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Livingston and Webster Counties Under Burn Ban

Livingston and Webster Counties Under Burn Ban

Bill Stephens

November 10th, 2016

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Although Union County is not included, Livingston and Webster counties are among thirty-five counties across the state that are under a burn ban due to drought like conditions across Kentucky. The dry conditions and an increase in the number of forest fires across the state has prompted the Kentucky Division of Forestry to ask everyone to wait until conditions change before any outdoor burning.

Webster County Judge-Executive Steve Henry issued a burn ban over the weekend for his county due to the dry conditions.

State officials say parts of the Commonwealth have received a little rainfall recently, but it wasn’t enough, especially when the unusually warm temperatures cause dry conditions to rapidly return.

During the Fall Forest Fire Season, which began October 1st and continues until December 15th, it is illegal for any person to burn between the daylight hours of 6:00 a.m. and 6:00 p.m. While it is not illegal to burn after 6:00 p.m., forestry officials say the dry conditions make burning at anytime dangerous.

ORIGINAL NEWS RELEASE

FRANKFORT, KY – A warm, sunny day may seem like a good opportunity to clear dead limbs and leaves from your yard, but Kentucky Division of Forestry officials say now is not a good time to do any outdoor burning. Dry conditions and an increase in the number of forest fires has prompted the division to ask everyone to wait until conditions change before doing any outdoor burning. During the Fall Forest Fire Season, which began October 1 and lasts until December 15, it is illegal for any person to burn between the daylight hours of 6:00 a.m. and 6:00 p.m. While it is not illegal to burn after 6:00 p.m., forestry officials say the dry conditions make burning at anytime dangerous.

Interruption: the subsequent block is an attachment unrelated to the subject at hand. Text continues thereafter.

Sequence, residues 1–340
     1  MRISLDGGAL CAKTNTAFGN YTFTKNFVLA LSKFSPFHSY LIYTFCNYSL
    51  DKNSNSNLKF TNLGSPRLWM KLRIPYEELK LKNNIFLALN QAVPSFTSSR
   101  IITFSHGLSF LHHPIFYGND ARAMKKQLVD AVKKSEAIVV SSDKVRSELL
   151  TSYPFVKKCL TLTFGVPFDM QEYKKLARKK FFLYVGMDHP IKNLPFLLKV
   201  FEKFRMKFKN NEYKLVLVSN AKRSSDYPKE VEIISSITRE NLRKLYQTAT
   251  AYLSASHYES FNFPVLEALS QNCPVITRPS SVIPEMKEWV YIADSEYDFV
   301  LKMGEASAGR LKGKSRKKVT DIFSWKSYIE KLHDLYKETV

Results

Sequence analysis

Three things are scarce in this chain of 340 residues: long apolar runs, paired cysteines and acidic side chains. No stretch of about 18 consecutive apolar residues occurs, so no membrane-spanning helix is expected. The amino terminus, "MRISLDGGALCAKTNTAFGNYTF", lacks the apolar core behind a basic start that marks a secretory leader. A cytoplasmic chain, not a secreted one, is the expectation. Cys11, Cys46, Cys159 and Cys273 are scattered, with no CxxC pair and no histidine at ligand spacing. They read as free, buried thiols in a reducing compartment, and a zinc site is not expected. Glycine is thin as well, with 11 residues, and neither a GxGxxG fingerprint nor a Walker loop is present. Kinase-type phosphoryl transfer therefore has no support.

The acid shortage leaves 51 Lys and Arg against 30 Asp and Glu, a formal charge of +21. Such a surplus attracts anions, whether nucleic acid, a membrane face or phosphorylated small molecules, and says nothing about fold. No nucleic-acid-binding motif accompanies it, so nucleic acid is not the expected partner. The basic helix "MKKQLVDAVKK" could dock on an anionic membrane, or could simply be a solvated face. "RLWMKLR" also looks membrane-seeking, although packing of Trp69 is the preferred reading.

Thirty-four counties have issued outdoor burning bans; Barren, Bath, Boyd, Breathitt, Calloway, Carlisle, Carter, Clay, Edmonson, Fleming, Floyd, Fulton, Graves, Harlan, Hart, Hickman, Jackson, Johnson, Knott, Knox, Laurel, Lee, Leslie, Livingston, Marshall, McCracken, McCreary, Monroe, Nicholas, Owsley, Perry, Pike, Rockcastle and Whitley. Other counties are expected to issue bans soon. Contact your county judge executive or your local fire department to find out if your county is under an outdoor burning ban.

Parts of the Commonwealth have received a little rainfall recently, but it wasn’t enough, especially when the unusually warm temperatures cause dry conditions to rapidly return. “A substantial amount of rainfall over several days is needed to improve the current conditions,” says Bill Steele, Director, Kentucky Division of Forestry. “Until then, we’re counting on the public to refrain from outdoor burning. Remember, fire fighters risk their lives to protect you and your property.”

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